With minimal pension benefits to senior Syrians, some of the country’s elders struggle with poverty and loneliness.
Photo by Owny Mohammad
At 75, Um Khaled has worked as a cleaner at Hama’s Home for the Elderly and People with Disabilities for 46 years.
“The residents of the home are all like my kids,” she said proudly. “I’ve taken care of them for years – I even married one of them off.”
The centre’s residents are more like family than her biological children, with whom she has no relationship.
Given Syria’s traditionally strong family ties, most elderly people are cared for and supported by their children. The state considers elderly care to be the responsibility of families, and therefore offers minimal pension benefits to senior citizens. As a result, lone elderly people like Um Khaled continue to work – and struggle – well into their twilight years.
The age of retirement in Syria is 60 years in both the private and public sectors. Only after working for 30 years in the public sector and 25 years in the private sector does a Syrian worker qualify for a full pension, which is equivalent to 75 percent of his or her salary, Moummar Kharboutly, a Syrian lawyer specialising in employment law, said.
These figures are commensurate with Western standards: workers in the US and the UK retire at an average age of 62 and 61 respectively, with public-sector pensions paying 20 percent of workers’ salaries in the US and 40 percent in the UK. However, workers in these countries are expected and able to save substantial portions of their wages, whereas in Syria, public-sector wages, at about SYP 12,000 (USD 255) per month, remain too low for workers to accrue personal retirement funds.
“This leaves an average employee with a pension that is barely enough to put food on the table,” Kharboutly said.
Although public-sector salaries are low and employees are banned from taking a second job, working in the private sector is worse, he said. Because more than 50 percent of private companies in Syria do not register employees, Kharboutly estimated that less than 10 percent of retired workers from the private sector qualify for pensions.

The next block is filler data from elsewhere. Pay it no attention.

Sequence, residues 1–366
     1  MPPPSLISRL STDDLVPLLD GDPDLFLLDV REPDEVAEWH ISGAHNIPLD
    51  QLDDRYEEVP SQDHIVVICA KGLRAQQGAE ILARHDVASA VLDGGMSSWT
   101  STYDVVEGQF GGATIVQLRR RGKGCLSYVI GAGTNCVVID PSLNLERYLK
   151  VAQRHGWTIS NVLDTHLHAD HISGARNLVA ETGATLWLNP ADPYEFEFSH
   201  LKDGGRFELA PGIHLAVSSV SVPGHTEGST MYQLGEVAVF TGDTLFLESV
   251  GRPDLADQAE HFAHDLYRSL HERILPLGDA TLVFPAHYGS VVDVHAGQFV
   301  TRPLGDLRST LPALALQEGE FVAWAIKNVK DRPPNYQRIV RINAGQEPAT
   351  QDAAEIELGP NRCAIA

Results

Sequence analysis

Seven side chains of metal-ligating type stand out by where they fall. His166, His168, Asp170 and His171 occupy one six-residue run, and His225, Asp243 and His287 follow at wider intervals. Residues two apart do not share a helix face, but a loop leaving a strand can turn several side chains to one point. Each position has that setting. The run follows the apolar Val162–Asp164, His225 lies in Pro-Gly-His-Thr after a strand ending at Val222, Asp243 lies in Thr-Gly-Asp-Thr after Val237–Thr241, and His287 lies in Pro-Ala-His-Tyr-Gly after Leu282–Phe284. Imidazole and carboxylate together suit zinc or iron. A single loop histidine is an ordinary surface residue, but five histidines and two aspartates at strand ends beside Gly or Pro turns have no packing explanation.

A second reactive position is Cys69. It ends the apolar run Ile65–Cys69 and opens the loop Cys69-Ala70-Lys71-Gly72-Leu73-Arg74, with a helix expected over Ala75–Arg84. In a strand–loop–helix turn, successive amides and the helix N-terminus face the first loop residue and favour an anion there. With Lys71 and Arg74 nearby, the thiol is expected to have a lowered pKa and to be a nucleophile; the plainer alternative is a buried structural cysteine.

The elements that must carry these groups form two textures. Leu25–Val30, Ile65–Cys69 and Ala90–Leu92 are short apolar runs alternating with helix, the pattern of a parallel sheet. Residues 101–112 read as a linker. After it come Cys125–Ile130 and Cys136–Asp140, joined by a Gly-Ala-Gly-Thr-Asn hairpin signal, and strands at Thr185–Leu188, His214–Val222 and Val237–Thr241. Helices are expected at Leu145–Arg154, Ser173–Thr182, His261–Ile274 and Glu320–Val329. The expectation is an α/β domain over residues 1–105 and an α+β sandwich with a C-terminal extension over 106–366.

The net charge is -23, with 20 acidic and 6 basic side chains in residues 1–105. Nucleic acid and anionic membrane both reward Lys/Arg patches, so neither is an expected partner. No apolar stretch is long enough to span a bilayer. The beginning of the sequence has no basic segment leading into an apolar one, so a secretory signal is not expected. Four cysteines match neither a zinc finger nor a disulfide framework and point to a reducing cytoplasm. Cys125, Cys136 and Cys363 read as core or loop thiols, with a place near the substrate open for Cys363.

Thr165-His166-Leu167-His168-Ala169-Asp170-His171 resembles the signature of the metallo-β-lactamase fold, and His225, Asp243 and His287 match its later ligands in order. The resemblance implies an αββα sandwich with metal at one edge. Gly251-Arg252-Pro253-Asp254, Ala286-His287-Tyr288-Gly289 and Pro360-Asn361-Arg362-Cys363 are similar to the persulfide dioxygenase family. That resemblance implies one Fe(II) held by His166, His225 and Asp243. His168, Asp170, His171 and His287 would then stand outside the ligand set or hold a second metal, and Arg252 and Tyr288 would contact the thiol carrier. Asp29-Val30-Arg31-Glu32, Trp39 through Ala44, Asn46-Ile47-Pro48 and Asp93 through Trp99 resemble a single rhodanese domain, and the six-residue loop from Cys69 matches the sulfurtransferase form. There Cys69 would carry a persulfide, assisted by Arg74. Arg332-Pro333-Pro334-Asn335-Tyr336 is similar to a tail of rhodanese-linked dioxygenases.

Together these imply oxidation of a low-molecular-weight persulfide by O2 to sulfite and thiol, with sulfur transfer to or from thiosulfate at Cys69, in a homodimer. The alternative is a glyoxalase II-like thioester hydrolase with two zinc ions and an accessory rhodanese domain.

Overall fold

Retired Syrians with inadequate or no pensions who cannot rely on family care must live on charitable donations or move into Dar al-Karameh, the country’s only free home for the elderly that has two branches in Damascus and Aleppo. Another 20 privately run homes exist, and their fees vary. The facility in Hama where Um Khaled works costs SYP 5,000 (USD 106) to SYP 15,000 (USD 319) per month, depending on residents’ ability to pay, Mohammad Kheir Zikra, who serves on the home’s board of directors, said.
“Some elderly people are so hard up that we end up offering them a room for free,” he added. “We are a charity organisation after all; we can’t leave them out in the street.”
To raise funds, the centre collects donations, runs its own funeral services and operates several small shops.
Syria’s personal-status law is based on sharia, so poor or ill parents without family care have the legal right to sue their sons, though not their daughters, for parental alimony.
“According to sharia, just like parents cared for their children when they were small, the children have to take care of their parents when they grow old,” Kharboutly said.
Since few Syrians register their full incomes with the authorities, however, elderly parents are rarely awarded more than SYP 1,300 (USD 28) per month from each son, he said.
“If a man registers around SYP 15,000 (USD 319) as his salary, the judge simply can’t order him to pay SYP 10,000 (USD 213) to support his parents,” Kharboutly explained.
More than lack of money, many of the residents at the home for the elderly in Hama said they are concerned about estrangement from their children.
“It just feels so lonely when eid (Muslim holiday) comes and no one passes by,” a resident who has not seen his family for 23 years, said. “It used to be different; my house used to buzz with friends and visitors. Now I have nothing to look forward to. I’m just sitting here doing nothing until death comes.”
Life Imitates Art
Once you grow old, life is no longer “an action film”; it is a “black-and-white classic”. That is how Abu Yazan, who is in his 80s, described his life now. Luckily, the cinema aficionado loves old movies.
“When the first cinema opened in our neighbourhood, I was 10 or 11 – I can’t remember exactly,” Abu Yazan said with an embarrassed laugh. “As I was underage and couldn’t buy a ticket, I used to sneak in to watch the films. Now I’m old enough, but I can’t afford a ticket.”
Since his wife died three years ago, Abu Yazan lives on a pension of SYP 10,000 (USD 213) per month – enough to cover his bills and food, but not enough for him to go to restaurants or to the cinema. Instead, he watches films on television and takes short walks every evening with his elderly friends in nearby parks.
“Alhamdullilah,” he said with a smile. “It’s not a lot, but it’s enough for someone living alone like me.”
Although his children live abroad, Abu Yazan would never consider living in a home for the elderly.
“Moving to a home would be admitting that my life has ended,” he said. “It would feel as if I’ve expired. I’d rather stay in my own house, live my daily routine and wait for my children’s summer visits. Another nine months and summer will be back again.”
This article was published in Syria Today magazine.